Male speaker addressing attendees at the oncology professional care conference

Oncology Professional Care Conference: Why is it the go to conference for healthcare professionals

Published: 03 April 2024

Following the success of last year’s Oncology Professional Care Conference, our Lead Medical Advisor Dr Anthony Cunliffe and colleagues from the Centre of Clinical Expertise reflect on their own experiences of the conference and the myriad of benefits of attending for healthcare professionals.

Dr Anthony Cunliffe

Dr Anthony Cunliffe Part-time GP, joint clinical director of South East London Cancer Alliance; National Lead Medical Advisor and Clinical Adviser for London Macmillan Centre of Clinical Expertise

I have had a great experience being involved with the Oncology Professional Care (OPC) conference for the last couple of years. Not many cancer conferences truly aim to bring together people from such a wide range of roles to encourage us to break free from our silos and consider the impact and importance for all professionals.

Assembling those working in health care, public health and the third sector can help us improve outcomes and better experience of care for people living with cancer. Often, as a healthcare professional the conferences I go to may provide excellent insight and learning but cover a narrow scope, but the breadth of topics covered at OPC means I can go from a session on cutting edge technology to hearing about the challenges under-represented groups may experience in engaging with health care. I’ve been encouraged that the organisers see the importance of involving both multi-disciplinary professionals, people affected by cancer and charity organisations in the development of the topics covered ensuring a broad but balanced agenda.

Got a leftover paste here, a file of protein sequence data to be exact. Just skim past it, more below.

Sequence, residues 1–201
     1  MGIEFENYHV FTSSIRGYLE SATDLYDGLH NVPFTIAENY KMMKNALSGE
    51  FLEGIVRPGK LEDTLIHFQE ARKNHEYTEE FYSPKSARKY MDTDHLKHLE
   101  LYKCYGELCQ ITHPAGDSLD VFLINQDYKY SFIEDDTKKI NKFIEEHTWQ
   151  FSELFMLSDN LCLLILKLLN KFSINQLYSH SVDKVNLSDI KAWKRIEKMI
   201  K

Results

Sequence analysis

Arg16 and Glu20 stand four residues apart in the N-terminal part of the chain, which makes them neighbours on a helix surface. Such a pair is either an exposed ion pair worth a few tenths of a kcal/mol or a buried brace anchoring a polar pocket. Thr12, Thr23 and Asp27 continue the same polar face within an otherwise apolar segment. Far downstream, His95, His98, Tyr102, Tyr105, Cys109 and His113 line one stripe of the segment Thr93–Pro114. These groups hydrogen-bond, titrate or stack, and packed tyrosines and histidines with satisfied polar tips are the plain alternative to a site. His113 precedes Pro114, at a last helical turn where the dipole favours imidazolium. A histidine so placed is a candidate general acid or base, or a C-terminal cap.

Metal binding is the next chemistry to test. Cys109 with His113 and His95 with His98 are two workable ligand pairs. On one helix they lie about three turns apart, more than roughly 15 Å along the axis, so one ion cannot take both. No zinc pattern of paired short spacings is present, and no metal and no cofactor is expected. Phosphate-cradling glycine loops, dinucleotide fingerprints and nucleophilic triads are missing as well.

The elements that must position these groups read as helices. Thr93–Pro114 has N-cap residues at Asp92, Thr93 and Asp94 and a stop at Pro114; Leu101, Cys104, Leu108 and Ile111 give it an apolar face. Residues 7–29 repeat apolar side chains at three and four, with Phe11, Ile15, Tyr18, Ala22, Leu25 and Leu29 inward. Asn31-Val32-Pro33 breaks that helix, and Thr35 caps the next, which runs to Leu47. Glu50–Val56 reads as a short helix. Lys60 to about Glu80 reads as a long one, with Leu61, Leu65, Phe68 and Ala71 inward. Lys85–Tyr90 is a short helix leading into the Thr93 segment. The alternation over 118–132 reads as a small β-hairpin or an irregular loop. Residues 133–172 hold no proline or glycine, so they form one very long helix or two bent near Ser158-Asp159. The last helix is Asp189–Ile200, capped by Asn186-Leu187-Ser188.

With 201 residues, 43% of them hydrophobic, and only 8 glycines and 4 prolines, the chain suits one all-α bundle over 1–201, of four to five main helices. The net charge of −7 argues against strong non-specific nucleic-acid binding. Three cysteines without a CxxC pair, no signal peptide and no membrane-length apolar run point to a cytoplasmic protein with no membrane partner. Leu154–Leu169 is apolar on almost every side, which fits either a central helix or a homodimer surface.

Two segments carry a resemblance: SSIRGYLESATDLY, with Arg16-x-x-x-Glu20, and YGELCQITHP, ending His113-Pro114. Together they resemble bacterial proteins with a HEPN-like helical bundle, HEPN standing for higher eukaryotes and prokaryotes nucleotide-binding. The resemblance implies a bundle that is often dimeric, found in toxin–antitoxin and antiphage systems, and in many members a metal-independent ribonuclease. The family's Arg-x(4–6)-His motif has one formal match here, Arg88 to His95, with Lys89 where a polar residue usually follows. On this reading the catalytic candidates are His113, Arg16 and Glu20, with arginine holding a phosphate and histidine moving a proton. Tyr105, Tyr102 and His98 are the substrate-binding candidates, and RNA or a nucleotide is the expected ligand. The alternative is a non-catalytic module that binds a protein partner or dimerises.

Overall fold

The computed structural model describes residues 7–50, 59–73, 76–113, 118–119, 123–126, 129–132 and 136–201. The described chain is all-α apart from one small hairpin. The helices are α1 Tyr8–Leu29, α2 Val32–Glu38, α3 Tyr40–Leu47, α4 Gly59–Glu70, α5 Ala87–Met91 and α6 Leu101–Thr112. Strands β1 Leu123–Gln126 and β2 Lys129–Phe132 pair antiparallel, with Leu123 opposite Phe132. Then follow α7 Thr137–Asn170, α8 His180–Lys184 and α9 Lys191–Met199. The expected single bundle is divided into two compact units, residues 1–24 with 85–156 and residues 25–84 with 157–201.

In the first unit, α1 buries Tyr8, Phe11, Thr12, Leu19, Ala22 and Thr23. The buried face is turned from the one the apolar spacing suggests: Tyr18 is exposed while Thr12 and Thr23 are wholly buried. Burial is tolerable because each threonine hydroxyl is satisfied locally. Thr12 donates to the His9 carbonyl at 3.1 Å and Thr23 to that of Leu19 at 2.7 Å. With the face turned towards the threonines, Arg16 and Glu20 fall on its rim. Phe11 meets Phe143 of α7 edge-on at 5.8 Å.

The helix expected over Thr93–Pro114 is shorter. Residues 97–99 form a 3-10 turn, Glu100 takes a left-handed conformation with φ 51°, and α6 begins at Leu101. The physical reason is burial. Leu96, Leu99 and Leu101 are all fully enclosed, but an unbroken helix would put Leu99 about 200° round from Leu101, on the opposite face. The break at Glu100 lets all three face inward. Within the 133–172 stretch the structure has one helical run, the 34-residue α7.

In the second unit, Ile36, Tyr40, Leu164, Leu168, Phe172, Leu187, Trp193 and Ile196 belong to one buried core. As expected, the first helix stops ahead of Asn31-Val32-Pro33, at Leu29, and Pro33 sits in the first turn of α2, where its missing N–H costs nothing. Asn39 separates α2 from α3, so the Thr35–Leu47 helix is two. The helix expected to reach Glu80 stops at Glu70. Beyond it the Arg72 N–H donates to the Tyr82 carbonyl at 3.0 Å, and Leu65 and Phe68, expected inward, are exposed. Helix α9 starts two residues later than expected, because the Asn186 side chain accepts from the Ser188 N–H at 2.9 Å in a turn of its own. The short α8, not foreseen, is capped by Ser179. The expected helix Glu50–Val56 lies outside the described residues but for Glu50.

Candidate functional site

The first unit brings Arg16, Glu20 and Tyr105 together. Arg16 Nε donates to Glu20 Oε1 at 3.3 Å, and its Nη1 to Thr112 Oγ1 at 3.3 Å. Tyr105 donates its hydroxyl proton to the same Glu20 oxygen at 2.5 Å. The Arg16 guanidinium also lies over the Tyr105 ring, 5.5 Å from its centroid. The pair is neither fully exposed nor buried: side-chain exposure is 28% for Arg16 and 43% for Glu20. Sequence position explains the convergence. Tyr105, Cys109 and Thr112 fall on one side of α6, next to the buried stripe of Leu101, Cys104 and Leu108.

Dr Ash Lillis, National Clinical Advisor and Consultant in Acute Medicine


"I presented for the first time at OPC 2023 and was struck by how well the structure of the conference brought people together from across the cancer pathway. I’m a generalist (acute medicine consultant) and have always been somewhat disappointed by the structure of most cancer conferences. They are focused on site specific streams which do not lend themselves to discussions of the areas that I, and many colleagues care most about- acute admissions, holistic assessment and end of life care.

OPC brought a wide range of professionals to my sessions on acute cancer care and we had a fantastically helpful conversation between nurses, acute medics and oncologists. We discussed the importance of where and when personalised care planning conversations should happen when patients have an unplanned admission. This has informed and influenced work I am undertaking with the UK Acute Oncology Society and Macmillan Cancer Support around conversations in acute cancer care that would not have occurred to be without the session at OPC." 

June Davis, Lead Nursing and AHP Advisor